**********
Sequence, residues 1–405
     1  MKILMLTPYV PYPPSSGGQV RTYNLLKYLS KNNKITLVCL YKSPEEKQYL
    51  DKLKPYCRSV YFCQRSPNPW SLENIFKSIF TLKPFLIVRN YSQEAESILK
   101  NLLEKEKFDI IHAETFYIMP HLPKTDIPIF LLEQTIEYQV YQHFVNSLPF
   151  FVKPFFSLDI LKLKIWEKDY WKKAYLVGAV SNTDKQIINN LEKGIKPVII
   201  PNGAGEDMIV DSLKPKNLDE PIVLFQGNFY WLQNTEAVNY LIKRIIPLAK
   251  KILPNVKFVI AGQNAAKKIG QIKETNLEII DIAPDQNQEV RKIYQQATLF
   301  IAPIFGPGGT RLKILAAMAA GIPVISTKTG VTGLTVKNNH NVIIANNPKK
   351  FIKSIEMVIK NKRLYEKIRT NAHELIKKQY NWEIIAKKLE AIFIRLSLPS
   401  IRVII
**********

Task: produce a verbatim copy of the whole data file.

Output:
Sequence, residues 1–405
     1  MKILMLTPYV PYPPSSGGQV RTYNLLKYLS KNNKITLVCL YKSPEEKQYL
    51  DKLKPYCRSV YFCQRSPNPW SLENIFKSIF TLKPFLIVRN YSQEAESILK
   101  NLLEKEKFDI IHAETFYIMP HLPKTDIPIF LLEQTIEYQV YQHFVNSLPF
   151  FVKPFFSLDI LKLKIWEKDY WKKAYLVGAV SNTDKQIINN LEKGIKPVII
   201  PNGAGEDMIV DSLKPKNLDE PIVLFQGNFY WLQNTEAVNY LIKRIIPLAK
   251  KILPNVKFVI AGQNAAKKIG QIKETNLEII DIAPDQNQEV RKIYQQATLF
   301  IAPIFGPGGT RLKILAAMAA GIPVISTKTG VTGLTVKNNH NVIIANNPKK
   351  FIKSIEMVIK NKRLYEKIRT NAHELIKKQY NWEIIAKKLE AIFIRLSLPS
   401  IRVII